Pastures and rangeland conditions as of Sept. 3 were rated 50% very poor, 28% poor, 15% fair, 6% good and 1% excellent. Compared to the Aug. 28 estimates, the only changes occurred in the lowest two categories as the "very poor" rating shrank two percentage points and was shifted to the "poor" category, which increased an equal amount. It will likely take several widespread precipitation events, coupled with cooler temperatures, to significantly reduce the amount of area rated poor to very poor.
Although not as strong as previous weeks, topsoil and subsoil moisture estimates declined again when compared to conditions on Aug. 28. NASS currently estimates topsoil moisture at 47% very short, 37% short, 16% adequate and 0% surplus. Subsoil moisture is estimated to be 42% short, 38% short, 20% adequate and 0% surplus. Topsoil rated very short increase one percentage point from the previous week, while topsoil moisture rated short expanded two percentage points. These increases came at the expense of the adequate rating, which dropped three percentage points from the previous week. The only changes in the subsoil moisture condition estimate was a one-percentage point increase in the short rating and a subsequent one-percentage point decline in the fair rating.
The Climate Prediction Center (CPC) replaced their preliminary September temperature and precipitation outlooks issued Aug. 22 and with their official outlook issued on Aug. 31. Above-normal temperatures are forecast for Nebraska, with the highest probability of occurrence assigned to the northwestern corner of the Panhandle (Figure 4). Below-normal moisture is favored north of a line from Scottsbluff to Red Cloud, with the highest probabilities assigned to areas north of a line from Valentine to Oakland, Nebraska. This area lies on the south periphery of expansive area of below-normal precipitation forecast from the northern Rockies eastward to the northwestern Great Lakes region (Figure 5).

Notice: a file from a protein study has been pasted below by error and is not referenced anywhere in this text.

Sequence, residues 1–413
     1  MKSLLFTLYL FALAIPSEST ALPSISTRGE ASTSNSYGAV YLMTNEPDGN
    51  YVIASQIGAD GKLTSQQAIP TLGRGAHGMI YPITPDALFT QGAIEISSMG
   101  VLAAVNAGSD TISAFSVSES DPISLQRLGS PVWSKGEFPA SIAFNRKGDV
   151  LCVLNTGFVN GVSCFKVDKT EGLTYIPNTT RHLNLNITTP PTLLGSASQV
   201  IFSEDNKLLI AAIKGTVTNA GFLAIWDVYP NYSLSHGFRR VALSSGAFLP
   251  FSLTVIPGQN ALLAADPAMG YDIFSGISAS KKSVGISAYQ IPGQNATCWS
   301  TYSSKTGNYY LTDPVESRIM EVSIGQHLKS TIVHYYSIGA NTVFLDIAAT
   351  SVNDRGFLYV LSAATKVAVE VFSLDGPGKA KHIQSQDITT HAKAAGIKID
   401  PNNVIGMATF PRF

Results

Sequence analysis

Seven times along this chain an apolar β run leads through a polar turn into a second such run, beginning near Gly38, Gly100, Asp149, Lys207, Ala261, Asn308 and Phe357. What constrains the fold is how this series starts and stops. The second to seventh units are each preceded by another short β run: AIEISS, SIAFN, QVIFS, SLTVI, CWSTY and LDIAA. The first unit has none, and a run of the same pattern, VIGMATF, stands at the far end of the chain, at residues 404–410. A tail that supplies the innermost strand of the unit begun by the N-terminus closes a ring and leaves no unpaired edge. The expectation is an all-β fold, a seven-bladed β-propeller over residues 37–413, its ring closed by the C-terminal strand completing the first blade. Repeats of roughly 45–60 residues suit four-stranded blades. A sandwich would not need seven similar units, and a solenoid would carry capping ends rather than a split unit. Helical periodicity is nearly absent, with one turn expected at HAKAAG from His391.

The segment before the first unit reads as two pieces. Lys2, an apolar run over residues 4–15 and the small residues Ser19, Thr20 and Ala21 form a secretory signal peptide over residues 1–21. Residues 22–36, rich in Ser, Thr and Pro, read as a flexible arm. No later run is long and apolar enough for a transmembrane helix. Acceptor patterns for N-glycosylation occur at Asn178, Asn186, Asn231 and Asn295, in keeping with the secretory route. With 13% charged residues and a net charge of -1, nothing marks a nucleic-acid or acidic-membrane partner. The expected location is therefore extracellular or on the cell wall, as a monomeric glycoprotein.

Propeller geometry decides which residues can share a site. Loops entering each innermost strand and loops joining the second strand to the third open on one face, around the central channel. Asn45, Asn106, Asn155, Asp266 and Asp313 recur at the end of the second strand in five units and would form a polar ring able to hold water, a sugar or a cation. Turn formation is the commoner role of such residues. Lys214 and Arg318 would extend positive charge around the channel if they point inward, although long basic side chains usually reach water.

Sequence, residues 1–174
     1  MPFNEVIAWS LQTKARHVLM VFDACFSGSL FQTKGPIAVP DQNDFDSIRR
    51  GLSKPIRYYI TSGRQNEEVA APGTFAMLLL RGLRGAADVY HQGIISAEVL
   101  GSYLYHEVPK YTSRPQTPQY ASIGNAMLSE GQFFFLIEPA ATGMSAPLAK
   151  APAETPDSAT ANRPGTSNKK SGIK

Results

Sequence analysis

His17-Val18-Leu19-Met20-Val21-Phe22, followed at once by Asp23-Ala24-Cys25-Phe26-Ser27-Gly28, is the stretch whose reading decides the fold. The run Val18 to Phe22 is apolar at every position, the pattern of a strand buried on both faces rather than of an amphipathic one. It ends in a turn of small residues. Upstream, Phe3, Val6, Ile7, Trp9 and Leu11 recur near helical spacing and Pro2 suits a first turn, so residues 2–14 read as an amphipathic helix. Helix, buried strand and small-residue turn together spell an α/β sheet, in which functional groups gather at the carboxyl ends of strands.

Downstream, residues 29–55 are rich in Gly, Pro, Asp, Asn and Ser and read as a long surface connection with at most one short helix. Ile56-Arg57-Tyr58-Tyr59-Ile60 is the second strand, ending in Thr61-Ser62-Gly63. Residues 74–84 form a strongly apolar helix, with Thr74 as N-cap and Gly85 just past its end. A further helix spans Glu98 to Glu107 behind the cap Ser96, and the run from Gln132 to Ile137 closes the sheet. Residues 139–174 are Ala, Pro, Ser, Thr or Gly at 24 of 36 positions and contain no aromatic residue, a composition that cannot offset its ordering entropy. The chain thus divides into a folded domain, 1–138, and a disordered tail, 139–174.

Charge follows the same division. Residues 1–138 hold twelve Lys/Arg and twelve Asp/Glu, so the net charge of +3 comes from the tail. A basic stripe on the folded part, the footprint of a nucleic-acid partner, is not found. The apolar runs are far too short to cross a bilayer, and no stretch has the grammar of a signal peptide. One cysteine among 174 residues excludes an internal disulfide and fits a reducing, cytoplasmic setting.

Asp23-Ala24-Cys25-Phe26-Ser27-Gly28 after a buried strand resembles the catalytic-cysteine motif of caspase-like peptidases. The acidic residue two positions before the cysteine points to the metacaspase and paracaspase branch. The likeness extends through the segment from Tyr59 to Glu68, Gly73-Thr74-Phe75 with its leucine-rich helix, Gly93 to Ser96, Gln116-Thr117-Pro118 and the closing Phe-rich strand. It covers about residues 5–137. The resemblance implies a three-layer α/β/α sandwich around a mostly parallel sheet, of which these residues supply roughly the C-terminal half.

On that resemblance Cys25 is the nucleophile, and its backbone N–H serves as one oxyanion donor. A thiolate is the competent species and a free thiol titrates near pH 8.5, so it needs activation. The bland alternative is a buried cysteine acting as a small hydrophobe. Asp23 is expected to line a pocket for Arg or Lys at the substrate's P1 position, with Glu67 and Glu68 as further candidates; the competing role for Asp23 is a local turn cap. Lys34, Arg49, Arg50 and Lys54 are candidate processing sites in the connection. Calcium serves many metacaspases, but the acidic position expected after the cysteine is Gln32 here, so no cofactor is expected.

The most current GFS weather model run used in this forecast was issued the morning of Sept. 7 and continues to favor extended periods of dry weather, interspersed with an occasional upper air trough passing through the northern Plains. In short, the forecasted weather pattern looks eerily similar to what has been occurring for the past two months. The only differences are that high temperatures are not forecast to be as warm as recent weeks and precipitation output from the GFS model is slightly more aggressive.